Today we hopped in the car and took a drive up and down the winding hills and valleys to the Sammic headquarters in Azkoitia, a small town and coincidentally the same one where St. Ignatius of Loyola’s mother was born, for all you BC folks reading. The facilities were impressive to say the least, from the foundry to the server room–spotless!
Surprisingly, Sammic produces a lot of their equipment from raw materials to finished goods. We toured the foundry and watched workers pour hot, melted aluminum into molds:
After the aluminum was allowed to cool and set, the piece would be handcrafted to perfection. Notice the attention to detail:
Besides episodes of “How It’s Made“, I’ve only seen production channels like these in China, except a lot more hazardous, inefficient and plenty more waste, perhaps attributed to poor management or difficulties associated with large-scale manufacturing. The workers at Sammic appeared to execute with speed and precision. They produce in lower volume batches, allowing for more fine-tuning as well as time for the research and development team to run sample tests. iQue bueno!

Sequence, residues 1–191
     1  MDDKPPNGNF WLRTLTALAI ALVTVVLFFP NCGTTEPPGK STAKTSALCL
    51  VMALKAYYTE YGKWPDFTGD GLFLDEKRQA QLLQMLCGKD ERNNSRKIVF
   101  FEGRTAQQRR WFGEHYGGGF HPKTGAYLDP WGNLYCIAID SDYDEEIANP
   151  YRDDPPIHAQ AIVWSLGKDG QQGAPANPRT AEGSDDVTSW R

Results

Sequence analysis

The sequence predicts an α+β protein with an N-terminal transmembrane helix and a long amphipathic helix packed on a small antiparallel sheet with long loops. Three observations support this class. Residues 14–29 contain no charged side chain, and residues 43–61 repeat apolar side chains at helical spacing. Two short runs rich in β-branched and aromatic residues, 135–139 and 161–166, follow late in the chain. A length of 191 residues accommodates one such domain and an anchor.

For such a young company (celebrating their 50th year anniversary this year), Sammic has come a long way in a short time. Check out these modern [large scale] potato peelers:
Para las Patatas
We will soon have the opportunity to use and test some of Sammic’s equipment in Chef Martín Berasatégui’s kitchen. How exciting! Having worked in tiny kitchens no bigger than the arm-span of space around me, I am new to operating large gadgets and machinery. Ah, the wonders of technology. This shall make for interesting button-pressing and lever-pulling. But in all seriousness, this is the inner-business-woman speaking, it will be an eye-opening experience to see how a 3-star michelin restaurant operates backstage, using various technologies such as Sammic equipment to improve its operations.
Chef Martín has been using Sammic equipment for many years. In fact, Martín’s relation with the company dates back to before he was even born. His uncle used to work for Sammic. Can you pick him out?
After our Sammic visit we headed to the hills for lunch at Anota Sidrería, a nearby cider house. The view was stunning:
The Hills Are Alive
I foresee many a sidrería visit in my near future where hopefully, I will be able to document quality pictures of the sidra barrels and the glass-filling technique. For now, here is a shot of Guillermo pouring us sidra:
One more day of ‘vacation’…then I’m in the kitchen. Practicing my best, obedient “Si, Chef!”